Public Financials Management
Fiscal rules needs to be a precondition for debt restructuring to reduce the risk of recurrence

4. Corruption: state capture operates during good times while fiscal crisis often introduces temptations as controls loosened for needed purchases and new donor funds materialize. Corruption vulnerability analysis helps governments to use a risk-based approach.

  • PFM implication: temporarily loosen controls where corruption risk is low, provide full spending transparency, while tracking all crisis spending for auditing
  • IFMIS implication: provide automated and searchable fiscal transaction data – not just PDFs, to enable civil society oversight, while leveraging audit trails to identify suspicious activity – as is available with FreeBalance’s Transparency Portals
Analyze corruption vulnerabilities
IMF framework for PFM corruption detection
Government procurement was a major source of corruption during the pandemic

GovTech Lessons Learned

The pandemic encouraged governments to accelerate digital service delivery. Government inefficiencies across the budget cycle were identified – many of which can be addressed through GovTech digital government technologies.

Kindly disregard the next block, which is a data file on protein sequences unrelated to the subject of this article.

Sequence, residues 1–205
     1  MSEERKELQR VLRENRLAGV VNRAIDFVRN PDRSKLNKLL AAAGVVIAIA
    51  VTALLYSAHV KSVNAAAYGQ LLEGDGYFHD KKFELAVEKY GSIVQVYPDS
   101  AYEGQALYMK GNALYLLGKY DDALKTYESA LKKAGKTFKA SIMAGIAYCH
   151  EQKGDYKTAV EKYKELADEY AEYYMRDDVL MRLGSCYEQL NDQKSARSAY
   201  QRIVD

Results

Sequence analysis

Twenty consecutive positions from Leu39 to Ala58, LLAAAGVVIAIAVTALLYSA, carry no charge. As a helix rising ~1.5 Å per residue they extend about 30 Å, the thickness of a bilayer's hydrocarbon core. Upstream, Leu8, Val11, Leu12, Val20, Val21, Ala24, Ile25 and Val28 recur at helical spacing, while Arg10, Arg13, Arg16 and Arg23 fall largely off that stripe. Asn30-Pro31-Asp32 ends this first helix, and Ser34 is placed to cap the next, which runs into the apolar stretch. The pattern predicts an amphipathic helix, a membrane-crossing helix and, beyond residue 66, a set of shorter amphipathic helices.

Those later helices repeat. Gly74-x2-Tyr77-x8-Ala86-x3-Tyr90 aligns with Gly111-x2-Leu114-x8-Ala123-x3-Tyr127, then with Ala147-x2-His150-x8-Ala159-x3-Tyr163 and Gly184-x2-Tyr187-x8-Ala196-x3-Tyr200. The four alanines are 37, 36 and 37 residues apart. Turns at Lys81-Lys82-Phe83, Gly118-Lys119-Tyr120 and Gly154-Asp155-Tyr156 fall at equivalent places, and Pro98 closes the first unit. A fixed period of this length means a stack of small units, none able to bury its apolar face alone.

1. GovTech and PFM linkages: support of back-office FMIS systems of record were critical for fiscal transparency and financial service delivery during the pandemic. Domestic Revenue Mobilization was improved. Effective systems of record improve data quality and timeliness for more effective decision-making. This makes FMIS back-office systems a cornerstone for effective government digital transformation.

Technology integration with fiscal policy through GovTech
Domestic Revenue Mobilization and social investment expenditures supported by good digital technology
Financial GovTech improves efficiency and effectiveness

2. Integration and interoperability: the lack of integration among government financial management systems had significant negative consequences including the lack of:

  • Controls in e-procurement systems not tightly integrated with IFMIS commitment and segregation of duties functions
  • Consolidated revenue, expenditure, and debt information for decision-makers
  • Timely and trusted government fiscal transparency
  • Civil service delivery quality
  • Asset and inventory availability and locations to inform purchasing spend management across the health procurement lifecycle
Public debt and core financial management systems, IFMIS, only superficially or manually integrated
Lack of interoperability among government financial systems reduces effectiveness

Was the public debt “elephant in the room” addressed during the IMF and World Bank meetings?

Partly, at best. We need to recognize that these events are as much about arranging loans and grants as addressing global problems. Donor countries are lobbied to provide more funding. Recipient country representatives are encouraged to accept loans and grants with conditions. There is wining and dining in much the same way that large private sector enterprises seek more sales.

This leads to some final observations:

To speak to a Public Financial Management expert about how FreeBalance can enable PFM reform in your country, please get in touch.